William Alfred Mulwa Mutilangi, an exceptionally brilliant Kenyan from a dusty village in Masii, Machakos County, left Kenya four-and-a-half decades ago in search of greener pastures in the United States of America.
The first class honours degree graduate in Food Science from the University of Nairobi excelled beyond the wildest dreams of many a Kenyan village boy, rising through the ranks to become a top innovator at Pepsi, a global conglomerate whose annual revenue is in excess of Sh14 trillion, nearly four-fifths of Kenya’s Gross Domestic Product (GDP).
On November 14, 2023, the US Patent and Trademark Office (USTPO) approved a two-year-old patent application by Pepsi Cola for a new way of improving the mouthfeel of sugar-free beverages, invented by Khushal Brijwani and Mr Mulwa.
The invention involves the use of pectin, a soluble fibre from fruits, and the food additive xanthan gum to improve the way beverages with reduced or zero sugar feel in a consumer’s mouth.
Mr Mulwa should have been over the moon at the patenting of the latest of his several inventions under the Pepsi Cola brand.
But the food scientist was dead, and cremated, six days earlier.
On October 10, 2023 two individuals took Mr Mulwa, 67, to the North Westchester Restorative Therapy and Nursing Centre in New York. One identified herself as Mary Mutilangi, his sister, and the other as Peter Githinji. Unknown to the hospital staff, the real Mary Mutilangi was nearly 12,000 kilometres away in Masii, a small village in Machakos County.
At 2.49am on October 16, 2023 Mr Mulwa’s heart suddenly stopped beating. One minute later, he was pronounced dead.
A death certificate seen by “Nation” shows the cause of his death was cardiac arrest, caused by acute difficulty in breathing, which was sparked by prostate cancer.
The family believes there was foul play. An attempt by a Tanzanian national Bakari Kisalu Malanda to take over Mr Mulwa’s assets in Kenya and in the US, claiming to be his son, appears to lend credence to this claim.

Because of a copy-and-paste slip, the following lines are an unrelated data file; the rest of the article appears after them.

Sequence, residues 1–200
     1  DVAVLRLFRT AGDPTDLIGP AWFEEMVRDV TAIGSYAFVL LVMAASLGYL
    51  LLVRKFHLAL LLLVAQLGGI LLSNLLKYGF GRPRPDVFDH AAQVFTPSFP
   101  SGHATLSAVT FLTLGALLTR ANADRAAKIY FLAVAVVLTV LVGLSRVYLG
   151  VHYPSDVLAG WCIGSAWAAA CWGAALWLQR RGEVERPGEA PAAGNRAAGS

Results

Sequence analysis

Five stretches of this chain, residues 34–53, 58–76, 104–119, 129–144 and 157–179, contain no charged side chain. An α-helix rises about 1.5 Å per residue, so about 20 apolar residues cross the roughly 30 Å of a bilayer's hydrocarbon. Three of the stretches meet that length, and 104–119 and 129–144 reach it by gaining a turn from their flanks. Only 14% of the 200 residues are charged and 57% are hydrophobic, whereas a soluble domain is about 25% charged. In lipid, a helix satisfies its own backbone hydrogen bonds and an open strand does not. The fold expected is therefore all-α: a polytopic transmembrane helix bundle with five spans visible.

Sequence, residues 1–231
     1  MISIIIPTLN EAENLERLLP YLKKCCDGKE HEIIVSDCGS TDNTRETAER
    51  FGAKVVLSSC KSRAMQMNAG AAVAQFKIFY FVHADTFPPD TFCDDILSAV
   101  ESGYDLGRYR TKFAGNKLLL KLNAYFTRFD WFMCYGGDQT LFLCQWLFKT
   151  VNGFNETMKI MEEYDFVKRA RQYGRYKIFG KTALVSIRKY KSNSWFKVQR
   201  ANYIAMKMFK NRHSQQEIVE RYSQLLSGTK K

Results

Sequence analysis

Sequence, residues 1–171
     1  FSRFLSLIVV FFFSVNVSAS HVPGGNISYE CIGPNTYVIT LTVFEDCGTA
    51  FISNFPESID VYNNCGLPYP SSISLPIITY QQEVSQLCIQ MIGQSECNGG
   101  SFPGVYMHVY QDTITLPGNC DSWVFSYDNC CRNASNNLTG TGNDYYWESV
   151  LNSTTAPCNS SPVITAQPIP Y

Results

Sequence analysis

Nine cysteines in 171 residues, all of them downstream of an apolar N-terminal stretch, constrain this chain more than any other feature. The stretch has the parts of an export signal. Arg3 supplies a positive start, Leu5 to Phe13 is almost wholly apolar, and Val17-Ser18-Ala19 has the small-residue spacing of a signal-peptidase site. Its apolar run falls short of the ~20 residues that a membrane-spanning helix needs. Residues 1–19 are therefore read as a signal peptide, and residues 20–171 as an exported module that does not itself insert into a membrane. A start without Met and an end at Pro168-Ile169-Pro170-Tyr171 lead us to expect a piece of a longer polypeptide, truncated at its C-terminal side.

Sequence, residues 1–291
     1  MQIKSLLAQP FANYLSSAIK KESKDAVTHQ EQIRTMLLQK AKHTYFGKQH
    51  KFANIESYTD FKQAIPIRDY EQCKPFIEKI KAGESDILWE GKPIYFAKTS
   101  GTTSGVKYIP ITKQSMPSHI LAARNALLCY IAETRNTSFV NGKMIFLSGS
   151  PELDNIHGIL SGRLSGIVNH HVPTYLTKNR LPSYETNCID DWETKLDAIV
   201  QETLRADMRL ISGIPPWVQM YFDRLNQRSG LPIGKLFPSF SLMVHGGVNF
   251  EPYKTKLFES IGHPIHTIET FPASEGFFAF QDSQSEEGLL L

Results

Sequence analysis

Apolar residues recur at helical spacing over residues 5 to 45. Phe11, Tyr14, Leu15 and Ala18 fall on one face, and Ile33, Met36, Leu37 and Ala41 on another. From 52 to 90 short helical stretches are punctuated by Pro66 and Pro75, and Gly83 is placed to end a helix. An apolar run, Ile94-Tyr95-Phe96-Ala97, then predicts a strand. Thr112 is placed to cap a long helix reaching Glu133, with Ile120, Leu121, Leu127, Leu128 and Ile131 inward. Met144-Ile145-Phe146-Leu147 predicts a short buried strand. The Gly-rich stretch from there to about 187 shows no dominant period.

“I have been telling him to retire and come back home to enjoy the wealth he has worked for over so many years. When we last spoke last year, he had finally agreed and said he would retire soon. He wanted to come back to Masii as he often said how much he has missed village life. He also liked to travel a lot. William (Mulwa) asked me to help him acquire some goats, sheep, cows and also a wife,” Mary Mutilangi, the sister, told the “Nation” in a recent interview at their Masii home.
Alice Nthambi Mutilangi, another of Mr Mulwa’s sisters who lives with Mary in Masii, says Mulwa loved to laugh.
She also says Mr Mulwa was secretive. He appears to have carried this trait into adulthood, as “Nation” could not find much of his digital footprint, short of a number of inventions attached to his name at Pepsi and some scholarly publications. He did not even use the WhatsApp text and call application that is popular with millions of smartphone users across the world.
After graduating in 1979, Mr Mulwa got a scholarship in the US a year later, where he completed his Masters and PhD in Food Science, before joining Pepsi in 1986.
He was Pepsi’s Director of Discovery and Application at the time of his death.
Mr Edward Nzesya Mutilangi, one of Mr Mulwa’s brothers, said that the family has formally filed a complaint with the State Department of Diaspora Affairs and the Directorate of Criminal Investigations (DCI) in Kenya, and the Federal Bureau of Investigations (FBI) in the US.
On Friday, the family’s lawyer in the US, Mr Japheth Matemu said that the FBI is conducting a preliminary investigation into the matter, after which it will determine whether to formally open a file.
His death has sparked a chain of curious events in Kenya, Tanzania and the US, as a titanic battle over his ashes and vast, valuable estate simmers and attracts the attention of investigative agencies in Nairobi and New York.
Mr Mulwa’s siblings; Edward, Vincent, Mary, Alice, Judy and Mwikali, insist that their brother was single his entire life, and that his past relationships yielded no children.
But Mr Malanda claims that Mr Mulwa was his father and had drawn a will that leaves his entire multimillion-shilling estate to him.
On October 24, 2023, Mr Bakari executed a power of attorney — a legal authorisation allowing a designated individual to make decisions on behalf of the executor — in favour of New Jersey-based Peter Nderitu Githinji.